This selection from the papers of the fictional Victorian scientist Jeremy Selman-Troytt includes extracts from such great works as "The First Time I Soiled my Trousers" and "My First Involuntary Ejaculation", as well as journal entries which chart the great man's struggle to perfect his hands-free prepuce retractor.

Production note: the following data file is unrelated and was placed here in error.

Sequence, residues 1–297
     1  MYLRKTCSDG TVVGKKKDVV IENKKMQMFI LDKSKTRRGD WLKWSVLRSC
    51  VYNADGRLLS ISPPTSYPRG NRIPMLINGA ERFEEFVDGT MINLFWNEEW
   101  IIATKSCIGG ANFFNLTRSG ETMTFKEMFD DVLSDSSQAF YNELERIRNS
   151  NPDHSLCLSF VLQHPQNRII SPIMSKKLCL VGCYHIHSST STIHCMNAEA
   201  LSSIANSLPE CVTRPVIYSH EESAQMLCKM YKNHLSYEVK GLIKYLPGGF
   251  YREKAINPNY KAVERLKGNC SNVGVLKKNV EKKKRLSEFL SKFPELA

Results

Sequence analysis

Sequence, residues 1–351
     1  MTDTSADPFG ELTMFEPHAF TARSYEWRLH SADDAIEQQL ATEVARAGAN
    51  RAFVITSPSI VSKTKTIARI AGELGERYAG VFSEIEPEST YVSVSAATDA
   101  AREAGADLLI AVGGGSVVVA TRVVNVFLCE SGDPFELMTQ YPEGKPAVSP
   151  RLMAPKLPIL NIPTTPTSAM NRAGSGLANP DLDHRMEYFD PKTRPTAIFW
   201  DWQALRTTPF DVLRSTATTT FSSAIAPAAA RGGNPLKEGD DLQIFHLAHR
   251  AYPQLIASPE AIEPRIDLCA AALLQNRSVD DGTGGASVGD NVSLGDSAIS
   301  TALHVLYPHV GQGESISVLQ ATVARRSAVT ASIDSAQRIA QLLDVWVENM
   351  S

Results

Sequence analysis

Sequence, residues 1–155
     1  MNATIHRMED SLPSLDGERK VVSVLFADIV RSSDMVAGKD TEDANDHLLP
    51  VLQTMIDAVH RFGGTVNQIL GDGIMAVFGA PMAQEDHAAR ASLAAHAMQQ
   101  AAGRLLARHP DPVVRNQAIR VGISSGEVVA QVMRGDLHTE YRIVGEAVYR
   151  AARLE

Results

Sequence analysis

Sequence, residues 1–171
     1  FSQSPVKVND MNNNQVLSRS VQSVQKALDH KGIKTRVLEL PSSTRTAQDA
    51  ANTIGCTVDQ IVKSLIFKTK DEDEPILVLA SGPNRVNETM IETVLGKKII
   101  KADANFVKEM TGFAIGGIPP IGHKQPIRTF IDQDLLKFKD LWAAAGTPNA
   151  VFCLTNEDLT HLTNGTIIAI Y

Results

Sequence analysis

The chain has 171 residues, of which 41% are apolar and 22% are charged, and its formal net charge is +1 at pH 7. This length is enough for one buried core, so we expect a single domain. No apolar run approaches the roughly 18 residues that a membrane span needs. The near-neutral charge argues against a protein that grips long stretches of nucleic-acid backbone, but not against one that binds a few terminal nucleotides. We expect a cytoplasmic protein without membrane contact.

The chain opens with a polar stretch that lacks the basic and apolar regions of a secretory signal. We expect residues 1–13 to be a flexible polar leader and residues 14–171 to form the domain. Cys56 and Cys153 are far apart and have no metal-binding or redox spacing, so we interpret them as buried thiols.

The contrast between the cod-Victorian solemnity of the style and the lavatorial content is a good trick, if somewhat overplayed. But some of the humour is a bit too cruel to amuse: crushed testicles, torn scrotums, a waiter who is set on fire "to prove it could be done" are all recounted in deadpan style. The lack of sympathy is part of the joke, of course, but it doesn't work for me. An appendix by Finlay Finlayson, founder of the Selman-Troytt Appreciation Society, is positively Beckettian in its bleakness – a strange combination of the comic and the gruelling. Those who like their humour clever, eccentric, heartless – a bit like Flann O'Brien on a nasty day – and focused squarely on the lower half of the body, will find plenty to enjoy here.